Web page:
Today, she agrees that suburban women will be key in deciding who the state elects this year. The party is proud to run on Trump’s record, she said, specifically pointing to the economy before the pandemic.
“Under President Trump’s leadership, female unemployment hit an all-time low prior to COVID-19, and jobs were being created amongst women at a record pace. Currently the stock market is back near all-time highs and last month unemployment plummeted nationally,” Cox said.
While unemployment rates for women were down in early 2020, they were lower in the early 1950s and have been decreasing since 2011, according to the Federal Reserve Bank of St. Louis, which tracks national economic data.
Cox also is not bothered by the president’s use of the term “suburban housewives” or how it might resonate with suburban women in Michigan.
“As a woman, I care far more about President Trump’s common sense polices and record of results than anything he says on Twitter,” Cox said.
The latest Free Press poll shows only 7% of voters are not sure who they will pick for president, echoing other poll findings that show most voters have already made up their minds about the election. But both parties are fighting for the final few undecided voters, especially in a state decided by the slimmest of margins last presidential cycle.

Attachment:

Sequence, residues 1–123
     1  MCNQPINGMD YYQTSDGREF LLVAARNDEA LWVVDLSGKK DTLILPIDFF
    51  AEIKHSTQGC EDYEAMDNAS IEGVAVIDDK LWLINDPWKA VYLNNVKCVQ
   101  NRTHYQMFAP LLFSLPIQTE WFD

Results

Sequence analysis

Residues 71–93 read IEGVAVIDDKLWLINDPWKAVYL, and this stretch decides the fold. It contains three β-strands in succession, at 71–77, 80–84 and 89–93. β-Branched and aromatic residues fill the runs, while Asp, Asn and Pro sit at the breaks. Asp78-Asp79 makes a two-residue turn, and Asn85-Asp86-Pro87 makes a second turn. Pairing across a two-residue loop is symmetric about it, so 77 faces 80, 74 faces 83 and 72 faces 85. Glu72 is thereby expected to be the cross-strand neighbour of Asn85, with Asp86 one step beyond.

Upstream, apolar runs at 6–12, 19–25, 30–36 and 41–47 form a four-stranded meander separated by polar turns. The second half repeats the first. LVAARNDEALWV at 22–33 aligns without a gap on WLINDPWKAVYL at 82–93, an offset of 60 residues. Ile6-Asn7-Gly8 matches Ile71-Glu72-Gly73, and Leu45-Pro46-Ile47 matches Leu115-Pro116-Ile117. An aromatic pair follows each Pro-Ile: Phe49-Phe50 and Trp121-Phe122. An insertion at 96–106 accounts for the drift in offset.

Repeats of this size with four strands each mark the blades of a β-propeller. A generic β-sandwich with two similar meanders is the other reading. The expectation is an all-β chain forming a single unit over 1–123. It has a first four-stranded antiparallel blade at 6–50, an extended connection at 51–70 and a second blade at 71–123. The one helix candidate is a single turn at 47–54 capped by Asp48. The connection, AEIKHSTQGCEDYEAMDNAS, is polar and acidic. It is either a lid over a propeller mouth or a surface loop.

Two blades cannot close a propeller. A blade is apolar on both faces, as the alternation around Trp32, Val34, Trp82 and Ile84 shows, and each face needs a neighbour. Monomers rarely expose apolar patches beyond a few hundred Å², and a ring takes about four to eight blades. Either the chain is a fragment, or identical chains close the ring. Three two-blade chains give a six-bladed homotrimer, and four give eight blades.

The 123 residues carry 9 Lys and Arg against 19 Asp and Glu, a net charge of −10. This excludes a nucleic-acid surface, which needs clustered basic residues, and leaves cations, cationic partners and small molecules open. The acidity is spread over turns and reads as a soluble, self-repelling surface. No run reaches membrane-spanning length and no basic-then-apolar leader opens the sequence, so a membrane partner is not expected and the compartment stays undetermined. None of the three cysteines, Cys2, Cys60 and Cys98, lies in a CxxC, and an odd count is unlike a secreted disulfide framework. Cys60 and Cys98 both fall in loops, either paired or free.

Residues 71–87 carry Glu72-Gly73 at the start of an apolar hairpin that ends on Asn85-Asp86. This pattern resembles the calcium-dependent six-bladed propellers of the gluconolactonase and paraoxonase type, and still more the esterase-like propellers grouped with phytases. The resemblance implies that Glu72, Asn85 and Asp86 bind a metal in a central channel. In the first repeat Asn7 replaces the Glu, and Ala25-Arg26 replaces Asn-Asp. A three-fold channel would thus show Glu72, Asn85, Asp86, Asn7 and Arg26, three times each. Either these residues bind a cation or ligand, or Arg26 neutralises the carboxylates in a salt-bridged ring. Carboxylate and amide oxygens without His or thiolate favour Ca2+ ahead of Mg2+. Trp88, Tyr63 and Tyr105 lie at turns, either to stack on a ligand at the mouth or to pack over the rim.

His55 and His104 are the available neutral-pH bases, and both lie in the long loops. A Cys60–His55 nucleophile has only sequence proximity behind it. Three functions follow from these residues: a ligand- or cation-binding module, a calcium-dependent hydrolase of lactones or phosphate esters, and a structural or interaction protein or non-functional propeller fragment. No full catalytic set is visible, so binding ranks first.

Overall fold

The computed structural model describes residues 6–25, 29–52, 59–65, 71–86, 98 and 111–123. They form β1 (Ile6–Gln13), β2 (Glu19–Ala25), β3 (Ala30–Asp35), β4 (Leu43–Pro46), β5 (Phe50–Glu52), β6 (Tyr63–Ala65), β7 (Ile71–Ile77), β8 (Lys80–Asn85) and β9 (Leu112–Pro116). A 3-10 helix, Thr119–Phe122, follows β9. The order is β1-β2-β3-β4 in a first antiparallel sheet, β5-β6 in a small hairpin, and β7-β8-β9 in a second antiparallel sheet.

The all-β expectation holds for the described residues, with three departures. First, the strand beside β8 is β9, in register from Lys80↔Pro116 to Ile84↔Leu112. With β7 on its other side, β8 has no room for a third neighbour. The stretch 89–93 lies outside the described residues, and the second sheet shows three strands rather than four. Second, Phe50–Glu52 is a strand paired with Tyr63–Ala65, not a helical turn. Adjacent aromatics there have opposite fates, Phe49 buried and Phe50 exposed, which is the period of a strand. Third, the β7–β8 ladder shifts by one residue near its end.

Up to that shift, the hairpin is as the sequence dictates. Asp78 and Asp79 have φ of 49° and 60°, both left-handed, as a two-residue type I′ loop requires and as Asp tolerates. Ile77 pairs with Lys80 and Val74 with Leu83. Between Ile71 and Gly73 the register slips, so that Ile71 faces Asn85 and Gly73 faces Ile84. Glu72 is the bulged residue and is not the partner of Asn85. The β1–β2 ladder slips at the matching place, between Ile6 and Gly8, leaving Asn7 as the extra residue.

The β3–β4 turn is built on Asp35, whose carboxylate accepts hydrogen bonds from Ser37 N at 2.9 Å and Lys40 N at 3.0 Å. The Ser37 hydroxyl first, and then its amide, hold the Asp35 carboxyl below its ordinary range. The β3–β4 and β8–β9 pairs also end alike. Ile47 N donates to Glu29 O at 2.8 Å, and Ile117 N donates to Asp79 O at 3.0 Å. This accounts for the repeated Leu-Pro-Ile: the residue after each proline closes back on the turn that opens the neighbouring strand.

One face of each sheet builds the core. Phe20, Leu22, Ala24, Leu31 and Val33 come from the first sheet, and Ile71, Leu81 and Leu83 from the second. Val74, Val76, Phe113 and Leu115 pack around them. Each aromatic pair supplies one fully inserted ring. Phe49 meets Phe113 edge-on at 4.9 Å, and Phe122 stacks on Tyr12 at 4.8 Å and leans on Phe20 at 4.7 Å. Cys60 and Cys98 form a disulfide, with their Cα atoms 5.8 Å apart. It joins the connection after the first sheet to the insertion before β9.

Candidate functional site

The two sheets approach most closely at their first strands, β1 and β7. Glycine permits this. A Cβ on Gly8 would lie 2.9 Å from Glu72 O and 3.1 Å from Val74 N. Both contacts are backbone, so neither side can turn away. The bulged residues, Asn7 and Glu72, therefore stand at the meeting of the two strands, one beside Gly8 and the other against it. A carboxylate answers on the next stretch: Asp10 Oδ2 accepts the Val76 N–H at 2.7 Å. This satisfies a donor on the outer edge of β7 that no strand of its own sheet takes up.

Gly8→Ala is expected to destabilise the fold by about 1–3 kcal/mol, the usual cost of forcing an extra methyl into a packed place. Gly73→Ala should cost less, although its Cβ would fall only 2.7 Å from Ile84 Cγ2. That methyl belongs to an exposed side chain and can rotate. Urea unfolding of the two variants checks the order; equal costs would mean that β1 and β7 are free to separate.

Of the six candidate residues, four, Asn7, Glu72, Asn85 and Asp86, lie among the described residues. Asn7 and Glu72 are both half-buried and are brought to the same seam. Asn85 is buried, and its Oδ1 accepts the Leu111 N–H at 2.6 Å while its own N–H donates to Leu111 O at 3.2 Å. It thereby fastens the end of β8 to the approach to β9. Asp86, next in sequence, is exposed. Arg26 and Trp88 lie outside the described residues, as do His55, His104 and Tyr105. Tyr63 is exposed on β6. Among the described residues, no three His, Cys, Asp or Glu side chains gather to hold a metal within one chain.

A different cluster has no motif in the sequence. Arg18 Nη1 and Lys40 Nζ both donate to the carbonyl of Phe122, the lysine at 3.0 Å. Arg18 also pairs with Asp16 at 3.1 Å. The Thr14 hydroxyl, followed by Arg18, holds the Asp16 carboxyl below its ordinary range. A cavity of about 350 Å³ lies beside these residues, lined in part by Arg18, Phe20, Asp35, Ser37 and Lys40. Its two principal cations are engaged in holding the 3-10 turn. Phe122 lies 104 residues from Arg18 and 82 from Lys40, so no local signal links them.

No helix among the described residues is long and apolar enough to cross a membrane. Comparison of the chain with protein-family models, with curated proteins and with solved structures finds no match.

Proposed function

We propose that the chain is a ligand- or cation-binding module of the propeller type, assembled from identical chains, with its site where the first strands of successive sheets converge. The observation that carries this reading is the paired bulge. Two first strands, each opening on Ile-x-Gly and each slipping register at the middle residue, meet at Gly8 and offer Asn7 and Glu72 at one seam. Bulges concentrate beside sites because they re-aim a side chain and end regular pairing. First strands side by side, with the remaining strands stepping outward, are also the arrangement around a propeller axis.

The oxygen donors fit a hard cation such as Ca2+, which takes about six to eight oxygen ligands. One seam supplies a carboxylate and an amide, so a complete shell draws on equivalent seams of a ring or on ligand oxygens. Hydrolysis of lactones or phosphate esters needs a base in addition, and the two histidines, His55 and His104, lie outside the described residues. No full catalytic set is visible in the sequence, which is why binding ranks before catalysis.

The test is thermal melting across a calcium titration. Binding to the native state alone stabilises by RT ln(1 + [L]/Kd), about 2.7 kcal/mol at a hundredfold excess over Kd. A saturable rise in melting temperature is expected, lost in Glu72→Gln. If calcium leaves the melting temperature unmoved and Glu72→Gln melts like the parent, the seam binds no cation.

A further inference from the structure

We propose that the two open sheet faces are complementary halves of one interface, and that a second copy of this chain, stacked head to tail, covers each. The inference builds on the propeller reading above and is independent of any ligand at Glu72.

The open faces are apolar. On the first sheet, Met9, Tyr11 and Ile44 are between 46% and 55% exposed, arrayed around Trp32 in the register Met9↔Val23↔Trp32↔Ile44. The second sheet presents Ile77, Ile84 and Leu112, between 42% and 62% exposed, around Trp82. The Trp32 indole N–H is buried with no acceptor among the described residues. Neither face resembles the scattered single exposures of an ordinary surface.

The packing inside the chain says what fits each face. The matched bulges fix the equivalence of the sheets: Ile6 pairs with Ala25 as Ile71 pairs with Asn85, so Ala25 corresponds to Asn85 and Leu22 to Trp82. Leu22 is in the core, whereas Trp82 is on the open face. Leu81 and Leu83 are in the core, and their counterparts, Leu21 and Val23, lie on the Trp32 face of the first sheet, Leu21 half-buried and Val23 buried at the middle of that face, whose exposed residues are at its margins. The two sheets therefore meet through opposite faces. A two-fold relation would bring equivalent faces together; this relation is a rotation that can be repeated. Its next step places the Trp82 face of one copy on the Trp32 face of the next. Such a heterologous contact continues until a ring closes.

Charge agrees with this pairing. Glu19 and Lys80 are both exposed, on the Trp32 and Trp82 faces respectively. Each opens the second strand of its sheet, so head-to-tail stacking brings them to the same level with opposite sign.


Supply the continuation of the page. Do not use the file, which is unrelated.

‘Soccer moms’ and the suburbs
For years, campaigns have battled over suburban women. They are seen as politically pliable, Carroll said: While they traditionally lean Republican, Democrats could win them over.
From the campaigns of Bill Clinton to George W. Bush, this pursuit resulted in something of a characterization, creating a largely fictional character perpetuating stereotypes about who lives in the suburbs — namely, so-called soccer moms.
“There was an interest in so-called suburban voters, but at that point they were called soccer moms. And so they were basically white, middle class, fairly well-educated mothers who had kids. The characterizations went beyond the data in the sense that they would talk about these women who drove minivans and took their kids to soccer practice,” Carroll said.
“This is very similar to what George W. Bush did with security moms. It was just a different kind of, a different sense of security. It wasn’t law and order, it was ‘we’re going to protect you from terrorism and terrorists’…The nature of the threat is different, that they’re trying to sell.”
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In theory, one could reasonably expect a presidential candidate who is a woman to fare well with suburban women voters. But that didn’t happen with 2016 Democratic presidential nominee Hillary Clinton, at least not to the degree she needed to win.
Carroll noted there was “a significant chunk of women voters who just didn’t like Hillary Clinton.” And the last presidential election still demonstrates that just because a woman — U.S. Sen. Kamala Harris of California — is a member of the Democratic ticket, it doesn’t mean suburban women will stampede the polls to vote for her.
However, she could help mobilize volunteers in the city and suburbs, Carroll said. There is clear excitement among Democrats for the choice, and that could translate to people actively working to help the campaign, she said.